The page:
Laura-Fraser-authorI probably don’t have to tell any reader of The Nervous Breakdown that it’s harder than ever to publish a book through traditional corporate channels. And certain categories — like collections of essays — have become virtually extinct, a situation which affects me directly. When I started out telling personal stories as a commentator on NPR in the 1990s, there was a lot of interest in the essay — publishers were looking for the next David Sedaris. These days, though venues have opened up online for individual pieces, and we continue to see themed anthologies  on various aspects of parenting, eating, divorce, travel, etc., it’s very rare to find a collection of essays between covers by anyone other than, well, David Sedaris.

This situation made me an eager recipient of last fall’s call for submissions from Shebooks  — a new publisher of short e-books by and for women, designed to be read in under two hours. One of the categories they were looking for was collections of essays. Hooray! My first collection, Guesswork, eight essays circling the topics of memory and identity, was part of the launch group in December 2013, which also included books by Jessica Anya Blau, Hope Edelman, Suzanne Paola, and Shebooks co-founder Laura Fraser. Bestselling author of An Italian Affair, Laura’s Shebook is a collection of essays about Italian food called The Risotto Guru. Here’s our recent e-conversation.

Let’s begin at the beginning. Can you tell me how Shebooks came to be? Last I knew, you were a memoirist on the love-and-pasta beat.

As a writer, I’d been increasingly frustrated about how there are fewer venues for long-form journalism, it’s harder than ever to publish long books, and top-shelf magazines like the New Yorker, Harper’s, and the Atlantic keep ignoring women writers (70% of their bylines are men!). I was speaking at a journalism conference with my long-time friend and editor, Peggy Northrop–we’d worked together at Vogue, Health, More, Organic Style, Real Simple, Glamour, and other places where she’s been a top editor–when there was a panel of guys discussing the opportunities for long-form journalism with the short e-book model. I turned to Peggy and whispered, “It’s the same guys.” She whispered back, “Someone should do this for women.” And the lightbulbs went on.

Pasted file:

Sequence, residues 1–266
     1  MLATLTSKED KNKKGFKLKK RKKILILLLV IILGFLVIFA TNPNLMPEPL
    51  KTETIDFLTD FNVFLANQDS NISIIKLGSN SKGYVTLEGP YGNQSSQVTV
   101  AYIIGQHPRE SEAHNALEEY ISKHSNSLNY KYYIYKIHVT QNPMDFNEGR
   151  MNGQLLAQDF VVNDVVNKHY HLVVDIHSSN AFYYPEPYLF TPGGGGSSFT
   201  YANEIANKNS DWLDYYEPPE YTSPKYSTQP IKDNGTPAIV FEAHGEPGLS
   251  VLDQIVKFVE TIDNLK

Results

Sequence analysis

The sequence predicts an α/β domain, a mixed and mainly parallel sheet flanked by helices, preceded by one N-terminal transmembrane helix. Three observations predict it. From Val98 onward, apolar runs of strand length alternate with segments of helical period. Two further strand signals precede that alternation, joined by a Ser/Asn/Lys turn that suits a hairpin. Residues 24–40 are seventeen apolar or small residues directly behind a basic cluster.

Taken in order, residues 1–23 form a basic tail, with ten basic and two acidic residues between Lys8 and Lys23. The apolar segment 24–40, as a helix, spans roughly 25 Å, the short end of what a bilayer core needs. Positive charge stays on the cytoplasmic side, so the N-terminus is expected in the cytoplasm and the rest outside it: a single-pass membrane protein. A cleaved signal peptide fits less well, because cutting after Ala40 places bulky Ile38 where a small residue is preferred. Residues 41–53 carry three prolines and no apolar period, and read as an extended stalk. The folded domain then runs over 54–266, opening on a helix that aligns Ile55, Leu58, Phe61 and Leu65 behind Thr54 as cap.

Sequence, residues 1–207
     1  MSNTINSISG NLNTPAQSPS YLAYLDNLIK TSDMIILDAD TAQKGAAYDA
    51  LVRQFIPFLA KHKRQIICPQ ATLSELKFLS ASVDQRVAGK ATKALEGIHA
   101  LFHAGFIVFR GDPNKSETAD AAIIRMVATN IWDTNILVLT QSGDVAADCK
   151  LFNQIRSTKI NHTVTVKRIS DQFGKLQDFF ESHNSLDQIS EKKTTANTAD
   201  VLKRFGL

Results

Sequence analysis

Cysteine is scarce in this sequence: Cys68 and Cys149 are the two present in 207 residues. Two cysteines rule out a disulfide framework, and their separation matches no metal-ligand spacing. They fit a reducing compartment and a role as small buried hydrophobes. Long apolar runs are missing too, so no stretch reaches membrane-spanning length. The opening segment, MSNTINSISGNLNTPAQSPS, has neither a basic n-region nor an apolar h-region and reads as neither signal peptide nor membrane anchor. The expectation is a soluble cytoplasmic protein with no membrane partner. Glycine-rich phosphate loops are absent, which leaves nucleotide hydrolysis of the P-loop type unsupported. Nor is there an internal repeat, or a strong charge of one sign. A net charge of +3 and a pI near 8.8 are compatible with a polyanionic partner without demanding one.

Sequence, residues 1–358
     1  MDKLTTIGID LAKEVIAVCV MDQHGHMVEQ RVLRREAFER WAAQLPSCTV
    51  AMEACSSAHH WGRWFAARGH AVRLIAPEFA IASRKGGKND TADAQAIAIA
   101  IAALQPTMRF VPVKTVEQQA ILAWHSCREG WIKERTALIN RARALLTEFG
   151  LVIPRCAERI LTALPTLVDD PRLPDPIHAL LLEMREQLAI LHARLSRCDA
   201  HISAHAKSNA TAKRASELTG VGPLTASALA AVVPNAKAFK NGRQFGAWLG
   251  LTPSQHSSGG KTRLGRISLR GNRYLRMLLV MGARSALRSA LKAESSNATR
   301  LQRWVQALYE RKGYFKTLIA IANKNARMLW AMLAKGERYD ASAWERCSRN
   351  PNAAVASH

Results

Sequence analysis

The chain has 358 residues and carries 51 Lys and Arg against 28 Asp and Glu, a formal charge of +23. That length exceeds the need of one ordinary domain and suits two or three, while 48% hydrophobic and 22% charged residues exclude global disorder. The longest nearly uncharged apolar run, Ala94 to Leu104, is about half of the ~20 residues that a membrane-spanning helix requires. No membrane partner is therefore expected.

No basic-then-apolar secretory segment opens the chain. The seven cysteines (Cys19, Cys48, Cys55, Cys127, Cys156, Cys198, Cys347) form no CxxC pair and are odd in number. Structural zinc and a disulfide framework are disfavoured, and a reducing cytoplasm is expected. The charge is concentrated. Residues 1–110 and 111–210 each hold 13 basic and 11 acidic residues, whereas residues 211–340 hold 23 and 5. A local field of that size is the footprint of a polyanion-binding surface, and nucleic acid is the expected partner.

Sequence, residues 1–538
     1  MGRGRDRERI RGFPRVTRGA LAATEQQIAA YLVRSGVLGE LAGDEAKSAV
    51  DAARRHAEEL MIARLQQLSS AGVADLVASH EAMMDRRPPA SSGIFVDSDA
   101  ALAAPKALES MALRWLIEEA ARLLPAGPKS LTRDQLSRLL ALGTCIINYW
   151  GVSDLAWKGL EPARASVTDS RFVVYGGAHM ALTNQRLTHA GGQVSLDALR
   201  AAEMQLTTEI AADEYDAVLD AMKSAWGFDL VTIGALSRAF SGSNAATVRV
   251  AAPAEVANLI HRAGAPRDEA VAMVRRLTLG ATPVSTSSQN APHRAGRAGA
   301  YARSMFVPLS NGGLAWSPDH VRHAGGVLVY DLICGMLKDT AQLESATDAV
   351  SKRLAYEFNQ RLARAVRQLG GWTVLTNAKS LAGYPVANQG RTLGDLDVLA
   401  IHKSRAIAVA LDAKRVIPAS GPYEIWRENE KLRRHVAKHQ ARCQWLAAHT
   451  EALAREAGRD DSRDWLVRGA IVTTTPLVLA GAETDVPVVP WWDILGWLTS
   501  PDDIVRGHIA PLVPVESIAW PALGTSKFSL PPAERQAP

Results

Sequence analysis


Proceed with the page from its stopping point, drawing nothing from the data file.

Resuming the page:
I couldn’t agree with you more about the difficulties in traditional publishing, particularly for collections of essays. But is the short e-book model catching on? I’ve heard of Amazon Singles — but that’s about it. How do we know readers want (or will accept) these mini-books? Are they even “books” in the standard sense?

What initially made us interested in the short e-book model was The Atavist, which publishes one short e-book per month, and developed the model for creating a platform for long-form journalism in a world where there are fewer and fewer places to publish at a satisfying 7000-10,000 word length– a deep dive into a subject.

There was a huge need for the short e-book. What happened in the publishing world is that magazines devalued themselves by charging only $9.99 a year, or something far below production costs, in order to boost circulation and sell the numbers to advertisers. Consumers got used to paying next to nothing for journalism. The Internet, of course, made that situation worse, with places like the Huffington Post that pay zero, nada to writers. So people are used to getting short content for free. Meantime, there are fewer and fewer places to publish long-from journalism–the feature wells in women’s magazines are shrinking, great magazines like Gourmet have been put out of business (because that $9.99 model was not sustainable in a recession, as advertisers fled), and then, of course, the top-shelf magazines publish 70% male writers.